Undertake research in public spirit, says Jairam Ramesh
Bangalore: Private research and development in biotechnology should be undertaken in public spirit and investments made for sustainable growth in the agricultural sector, Union Minister of State for Commerce Jairam Ramesh has said.
He was delivering the keynote address at the inauguration of "Agri-biotech Day" as part of Bangalore Bio 2006 here on Friday.
"The Indian biotechnology industry is doomed if the private sector is the pushing factor. The twin engines of private and public investment are required to move the industry forward," Mr. Ramesh said.
He regretted the fact that over the past five years, institutions engaged in research and development of high-yielding crop varieties had been suffering owing to a sharp fall in government grants.
"This trend has to be reversed. There must be both public and private participation in evolving new varieties of seeds of both cash and staple crops," he said.
Mr. Ramesh appealed to private biotechnology organisations to conduct research in public spirit. Scientific efforts driven by commercial interests need to be tempered to fit into the public domain. This would ensure that the price of products were not too high for farmers, he said.
During the past five years, the country had witnessed a quantum jump in cotton production. From 167 lakh bales in 2000, production in 2005 increased to 243 lakh bales, he said. The yield from a hectare of land had also increased from 340 kg to 440 kg, he said.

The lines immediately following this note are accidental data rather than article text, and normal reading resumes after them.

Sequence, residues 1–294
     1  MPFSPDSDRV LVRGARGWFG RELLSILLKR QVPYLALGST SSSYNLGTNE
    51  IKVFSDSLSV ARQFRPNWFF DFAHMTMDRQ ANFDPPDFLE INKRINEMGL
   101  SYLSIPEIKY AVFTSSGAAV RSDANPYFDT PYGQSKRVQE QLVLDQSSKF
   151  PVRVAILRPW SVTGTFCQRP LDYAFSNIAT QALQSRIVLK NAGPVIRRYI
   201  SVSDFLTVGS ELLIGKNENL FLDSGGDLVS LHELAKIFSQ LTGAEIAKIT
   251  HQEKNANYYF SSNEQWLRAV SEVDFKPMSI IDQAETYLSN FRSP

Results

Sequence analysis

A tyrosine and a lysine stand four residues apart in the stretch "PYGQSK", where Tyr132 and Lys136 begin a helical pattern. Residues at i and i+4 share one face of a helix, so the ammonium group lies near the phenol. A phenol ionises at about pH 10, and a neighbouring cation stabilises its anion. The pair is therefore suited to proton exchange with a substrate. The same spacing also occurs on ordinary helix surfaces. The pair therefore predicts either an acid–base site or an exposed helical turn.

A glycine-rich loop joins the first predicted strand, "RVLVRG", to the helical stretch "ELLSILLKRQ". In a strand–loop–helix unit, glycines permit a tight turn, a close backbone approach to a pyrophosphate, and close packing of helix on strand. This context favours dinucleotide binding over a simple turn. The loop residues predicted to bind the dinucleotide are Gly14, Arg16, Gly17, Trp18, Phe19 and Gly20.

Mr. Ramesh attributed the increased growth to factors such as better supply of water and use of biotechnology.
He said that only 8 per cent of the total area under cotton production comprised Bt cotton. This was owing to the misconception among farmers about genetically modified products. There was need to create better awareness, he said.
The Minister said the suicide rate among cotton farmers had been high during the past few years. This was because they did not have access to institutional credit, and hence had to depend on moneylenders. "The institutional rural credit society has collapsed. This is a big problem," he said.
Kiran Mazumdar-Shaw, chairperson and managing director of Biocon, said the regulatory framework should be improved so that decisions on approving the import of biotechnology crops into the State was made easier.
Anup K. Pujari, Principal Secretary, Information Technology and Biotechnology Department, requested the Union Government to contribute to the State's venture capital fund for information technology and biotechnology. The State was looking to get more than Rs. 15 crore from the Union Government, he added.